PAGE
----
But the Irishman turned provider after being found by Mirallas once more a few minutes later but this time he cut back onto his left foot, curled a cross into the six yard box where Ryan Shawcross turned it past his own goalkeeper.
Everton celebrations were halted by the sight of the linesman’s raised flag indicating offside on Lukaku but after consulting with his assistant, referee Craig Pawson signalled that the goal was given.
With parity restored, the Blues almost handed the initiative straight back to their hosts on the stroke of half time when Crouch dissected their defence by flicking Eric Pieters’ direct pass into the path of Arnautovic but once agaain Robles came up big to foil him in a one-on-one situation.
Koeman’s half-time change, which saw Mason Holgate withdrawn in favour of James McCarthy and the side revert to a conventional back four, came as no surprise. The young defender had endured a torrid 45 minutes and there seemed little sense in employing three centre halves against a lone striker when they couldn’t cope with Arnautovic arriving from deeper.
The switch had the effect of largely nullifying Stoke’s attack but the extra congestion in midfield meant that the game descended into a ragged scrap until Ademola Lookman came on with 20 minutes to go.
Up until then, Everton had struggled to get on the ball while, even with Saido Berahino on the field, Mark Hughes’s side had largely resorted to giving the ball to Adam to simply hoist it in the general direction of Robles’s goal hoping to catch the ‘keeper out with the wind.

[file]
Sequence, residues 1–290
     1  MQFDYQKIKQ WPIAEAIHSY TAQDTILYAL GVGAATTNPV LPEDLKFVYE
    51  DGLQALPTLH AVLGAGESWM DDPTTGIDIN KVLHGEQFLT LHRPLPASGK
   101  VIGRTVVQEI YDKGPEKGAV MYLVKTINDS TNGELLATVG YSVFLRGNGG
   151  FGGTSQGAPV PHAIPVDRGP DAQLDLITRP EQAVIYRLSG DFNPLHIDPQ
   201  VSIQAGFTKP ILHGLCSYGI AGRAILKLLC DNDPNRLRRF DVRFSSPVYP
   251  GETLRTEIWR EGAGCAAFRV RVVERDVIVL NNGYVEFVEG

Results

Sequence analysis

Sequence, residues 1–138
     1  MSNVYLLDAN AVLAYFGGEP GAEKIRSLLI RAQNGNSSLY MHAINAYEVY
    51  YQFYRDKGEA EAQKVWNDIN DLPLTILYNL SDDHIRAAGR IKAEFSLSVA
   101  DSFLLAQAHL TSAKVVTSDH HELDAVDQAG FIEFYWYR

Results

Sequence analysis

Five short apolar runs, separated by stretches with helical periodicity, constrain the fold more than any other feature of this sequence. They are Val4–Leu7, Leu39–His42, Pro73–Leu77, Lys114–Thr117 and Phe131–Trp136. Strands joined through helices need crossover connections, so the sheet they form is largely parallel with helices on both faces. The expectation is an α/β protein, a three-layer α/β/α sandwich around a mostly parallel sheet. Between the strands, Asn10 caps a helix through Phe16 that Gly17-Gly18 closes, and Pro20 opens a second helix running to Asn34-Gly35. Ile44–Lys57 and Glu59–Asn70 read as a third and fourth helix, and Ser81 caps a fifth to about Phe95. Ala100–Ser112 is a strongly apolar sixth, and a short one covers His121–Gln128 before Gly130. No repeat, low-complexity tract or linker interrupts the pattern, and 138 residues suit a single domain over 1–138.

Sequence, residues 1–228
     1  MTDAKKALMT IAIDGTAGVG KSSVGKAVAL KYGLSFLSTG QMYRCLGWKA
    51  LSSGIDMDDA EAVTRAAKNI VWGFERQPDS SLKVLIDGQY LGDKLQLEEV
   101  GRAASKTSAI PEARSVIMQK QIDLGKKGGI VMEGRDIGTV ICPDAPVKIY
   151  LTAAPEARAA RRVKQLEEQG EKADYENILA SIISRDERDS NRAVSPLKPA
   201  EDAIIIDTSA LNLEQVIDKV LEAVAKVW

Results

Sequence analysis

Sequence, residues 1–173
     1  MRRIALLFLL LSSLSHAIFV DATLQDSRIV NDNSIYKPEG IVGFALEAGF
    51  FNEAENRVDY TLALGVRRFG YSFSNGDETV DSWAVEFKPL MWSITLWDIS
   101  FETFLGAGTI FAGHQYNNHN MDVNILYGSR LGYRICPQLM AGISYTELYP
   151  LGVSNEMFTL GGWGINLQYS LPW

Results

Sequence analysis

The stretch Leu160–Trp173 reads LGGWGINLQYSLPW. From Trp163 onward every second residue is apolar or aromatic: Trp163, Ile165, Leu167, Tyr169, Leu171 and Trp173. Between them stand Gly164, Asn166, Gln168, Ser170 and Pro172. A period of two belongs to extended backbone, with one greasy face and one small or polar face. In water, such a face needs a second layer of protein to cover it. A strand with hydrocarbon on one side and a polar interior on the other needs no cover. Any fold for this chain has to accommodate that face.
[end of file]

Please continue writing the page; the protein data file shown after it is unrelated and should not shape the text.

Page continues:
The change of pace and inventiveness that Lookman offered, particularly when he linked up with Davies, threatened to turn the game decisively in Everton’s favour though and the teenager almost scored with his first involvement. Davies found the new signing with a back-heel from the touchline and he rattled a low shot towards the near lost that Lee Grant did well to turn behind.
Berahino went close for Stoke when he tried to knock the ball over Robles’s head but Ramiro Funes Mori was on hand to head it over the bar before Everton looked to have won it at the other end. Coleman, Ashley Williams and Barkley exchanged quick triangle passes to open up the space ahead of them and the move ended with Coleman digging out a great cross from the byline that picked out Davies arriving near the penalty spot .
Grant made a terrific reflex save to turn his header to the side and Lookman could only rifle the rebound agonisingly across the face of Stoke’s goal and just past the far post.
Given that the home side had resorted to basic yard-dog, hoof and hope tactics in the second period, had either of those efforts gone it it would have represented just reward for Everton’s more joined-up approach, even if they weren’t really able to raise the standard of the fare much above agricultural.
As it was, they had to be content with a share of the spoils and a sixth successive league game without defeat. Attentions will turn to Saturday’s game against Bournemouth where the more familiar comforts of home should allow Koeman’s men to express themselves a bit more.
The starting line-up for that one will almost certainly include Schneiderlin who slotted in nicely into the midfield and showed some clever touches and impressive reading of the game, while also helping launch some of the Blues’ most dangerous attacks.
It also wouldn’t be surprising to see the name of Lookman on the teamsheet, most likely in place of Mirallas who had a poor game despite getting into some decent positions. The 19-year-old once again looked a real talent and his pace, inventiveness and eye for goal made a visible difference to an otherwise fairly staid display.